At Home With Daryl Hall

The blue-eyed soulster talks about his bittersweet year.

By Michael Alan Goldberg
Add Comment Add Comment | Comments: 2 | Posted Dec. 22, 2010

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In 2007, Daryl Hall got the smart idea to invite some of his musical heroes—as well as newer artists he dug—to his sprawling property in upstate New York to hang out, cook up some food and jam on a bunch of tunes with him and his band, and then throw each episode on the Internet for free. Since then, his monthly web series Live from Daryl’s House has become an online hit, and has counted among its dozens of guests Smokey Robinson, Sharon Jones, Chromeo, KT Tunstall, Plain White T’s and, of course, Hall’s longtime cohort John Oates. On New Year’s Eve, LFDH makes the leap to television for a two-hour special on WGN America that’ll feature highlights from all the episodes, including plenty of previously unseen footage. We caught up with Daryl to talk about this exciting development.

I suppose this has been a bittersweet year for you—the series has been really successful, but there was also the passing of [long-time Hall & Oates bassist/band leader] T-Bone [Wolk].

Yeah. You know, what can you say? It’s all part of the nature of life, and the first half of this year was tough. But you just try to move on.

You’ve obviously embraced the Internet with this series—do you plan to keep it a Web thing going forward, or are you open to a TV version? Is this New Year’s Eve special a one-time-only thing?

It’s definitely not a one-time-only thing. My plan is that I’ve been talking with Tribune Broadcasting and the first show they decided would launch this whole relationship is the New Year’s Eve show, with the idea in mind that over the next year, we’re talking about a weekly show, possibly and probably on Saturday nights. I’m pretty sure the Philly station [Phl17] is interested in doing this. So we’re talking about toward the middle or end of [2011]. That doesn’t mean I’m leaving the Internet—I’m going to be doing both, basically.

It seems from watching the show that the camaraderie and friendship you share with your guests is just as rewarding for you as collaborating with them musically.

Definitely. I think that’s the most fun of it—the hanging-out thing. A lot of these people I’ve known, like Todd [Rundgren] and Smokey Robinson. But most of the people, especially the new people, I don’t know them. They’re like blind dates [laughs]. And I get to be friends with these people, which is great.

Do you find that some of the younger artists, especially the ones who’ve been fans of yours their whole lives, are nervous to come on the show and hang out?

Some artists are nervous—most of them are, to tell you the truth, and they have different ways of exhibiting that. Some of them are boisterous, some are really quiet. You never know. Imagine walking into somebody’s house and you don’t know any of the people, you know? It’s an intimidating feeling. But we all try to make it comfortable, there’s a lot of laughter, and I think we do a pretty good job of making people feel at home.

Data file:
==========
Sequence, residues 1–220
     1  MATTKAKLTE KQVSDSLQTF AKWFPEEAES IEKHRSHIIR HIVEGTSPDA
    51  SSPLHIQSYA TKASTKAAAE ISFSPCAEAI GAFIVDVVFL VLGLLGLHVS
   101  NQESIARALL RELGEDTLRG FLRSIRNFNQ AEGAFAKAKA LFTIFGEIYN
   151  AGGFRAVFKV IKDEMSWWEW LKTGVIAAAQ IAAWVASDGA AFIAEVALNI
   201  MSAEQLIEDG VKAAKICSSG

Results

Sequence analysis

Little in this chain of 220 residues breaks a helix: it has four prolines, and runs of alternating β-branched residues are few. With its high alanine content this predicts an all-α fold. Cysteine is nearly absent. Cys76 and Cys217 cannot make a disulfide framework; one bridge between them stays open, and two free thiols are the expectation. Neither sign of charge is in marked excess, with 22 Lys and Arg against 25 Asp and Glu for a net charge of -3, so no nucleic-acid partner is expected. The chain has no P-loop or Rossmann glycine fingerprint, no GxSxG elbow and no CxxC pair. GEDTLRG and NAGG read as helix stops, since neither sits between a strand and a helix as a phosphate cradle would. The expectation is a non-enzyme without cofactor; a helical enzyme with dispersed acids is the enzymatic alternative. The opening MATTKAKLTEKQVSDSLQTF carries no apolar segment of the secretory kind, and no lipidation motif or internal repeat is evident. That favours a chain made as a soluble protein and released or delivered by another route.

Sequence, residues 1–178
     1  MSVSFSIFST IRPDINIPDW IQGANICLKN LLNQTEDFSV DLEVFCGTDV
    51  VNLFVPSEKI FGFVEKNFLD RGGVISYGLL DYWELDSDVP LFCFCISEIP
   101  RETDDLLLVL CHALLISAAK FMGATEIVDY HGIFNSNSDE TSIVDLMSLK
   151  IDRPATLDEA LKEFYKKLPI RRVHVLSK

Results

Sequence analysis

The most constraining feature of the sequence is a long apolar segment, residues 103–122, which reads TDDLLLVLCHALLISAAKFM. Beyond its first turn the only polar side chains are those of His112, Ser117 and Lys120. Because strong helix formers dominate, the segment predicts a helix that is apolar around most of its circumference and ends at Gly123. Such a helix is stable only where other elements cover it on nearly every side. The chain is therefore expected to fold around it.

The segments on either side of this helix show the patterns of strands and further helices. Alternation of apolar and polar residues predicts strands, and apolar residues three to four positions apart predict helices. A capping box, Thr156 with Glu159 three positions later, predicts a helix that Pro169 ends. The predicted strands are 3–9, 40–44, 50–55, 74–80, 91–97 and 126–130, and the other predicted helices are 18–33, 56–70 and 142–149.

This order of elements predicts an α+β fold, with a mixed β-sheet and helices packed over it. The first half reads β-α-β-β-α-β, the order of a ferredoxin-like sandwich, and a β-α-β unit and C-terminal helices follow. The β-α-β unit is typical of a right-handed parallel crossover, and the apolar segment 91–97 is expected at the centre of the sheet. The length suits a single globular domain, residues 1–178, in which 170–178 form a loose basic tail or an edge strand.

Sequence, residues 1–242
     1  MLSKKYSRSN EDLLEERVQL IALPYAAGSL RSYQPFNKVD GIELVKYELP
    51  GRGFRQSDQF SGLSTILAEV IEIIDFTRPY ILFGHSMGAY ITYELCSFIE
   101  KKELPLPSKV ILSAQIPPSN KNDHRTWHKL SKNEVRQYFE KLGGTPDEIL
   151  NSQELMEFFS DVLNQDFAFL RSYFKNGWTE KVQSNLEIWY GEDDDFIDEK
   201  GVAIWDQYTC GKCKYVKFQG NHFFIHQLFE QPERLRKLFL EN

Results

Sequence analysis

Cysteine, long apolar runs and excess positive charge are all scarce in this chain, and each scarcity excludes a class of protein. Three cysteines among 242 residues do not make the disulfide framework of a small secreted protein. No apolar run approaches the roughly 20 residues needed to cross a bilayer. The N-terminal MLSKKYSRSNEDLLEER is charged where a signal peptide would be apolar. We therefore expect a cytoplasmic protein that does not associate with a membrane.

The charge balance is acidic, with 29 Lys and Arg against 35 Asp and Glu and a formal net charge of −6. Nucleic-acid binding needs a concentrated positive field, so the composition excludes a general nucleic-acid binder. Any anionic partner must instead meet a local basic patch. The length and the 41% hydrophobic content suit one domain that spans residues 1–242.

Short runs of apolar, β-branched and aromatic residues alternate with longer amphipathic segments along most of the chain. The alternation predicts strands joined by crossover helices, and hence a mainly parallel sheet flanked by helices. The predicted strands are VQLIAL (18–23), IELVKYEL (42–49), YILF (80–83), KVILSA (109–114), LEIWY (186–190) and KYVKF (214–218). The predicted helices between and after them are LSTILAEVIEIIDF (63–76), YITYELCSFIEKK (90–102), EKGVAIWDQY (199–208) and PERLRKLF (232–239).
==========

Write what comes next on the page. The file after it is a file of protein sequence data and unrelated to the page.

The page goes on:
Which gives you more of a thrill—playing with some of the musical legends who inspired you to make music, or playing with the younger artists who you’ve inspired?

Well, if it’s somebody like Smokey, anybody who knows me from the old days in Philly knows how I feel about Smokey—he’s a god to me. So for me to have Smokey over to my house to play songs with him, and sit around and talk and eat and tell stories, that was a pretty awesome feeling. I would say more intense than meeting a new band for the first time, which is a great feeling but not on that level.

Would you be up for having, say, a thrash-metal band come on the show?

[laughs] Absolutely! The more outside-the-norm, the better.

When you’re in Philly, do you ever swing by the old apartment on Quince Street you shared with John in the early days?

Sometimes—I’ve had various people that I care about in my life, where we walk past and I show them the place and say, “This is where we started, right here.” It has a special place in my heart.

Can you imagine doing the show at that place?

[Laughs] It would have to be Live from Daryl’s House with just one other person. That place was small. Live from Daryl’s Closet, maybe!

Live from Daryl’s House: A New Year’s Eve Special airs Dec. 31 at 11 p.m. on WGN America.

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1. Anonymous said... on Jan 1, 2011 at 02:54PM

“I just loved the show!!!! Kudos to you for bringing legends at Smokey Robinson and for exposing the up & coming artists.

I lived in California (the San Francisco bay area) for thirty years and have been living in Texas (down, down south). Therefore, I haven't been exposed in a very long time to all the musical talent and concerts as to when I was living exposed to in CA.

Thank you very much,
A fan for a long time”

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2. Anonymous said... on Dec 13, 2013 at 12:30AM

“Have been a fan of H&O forever and a day. Dig your music.



We have attended your concerts since the fab 80's. Lawrence was 8. Today he is a professional musician in L.A.”

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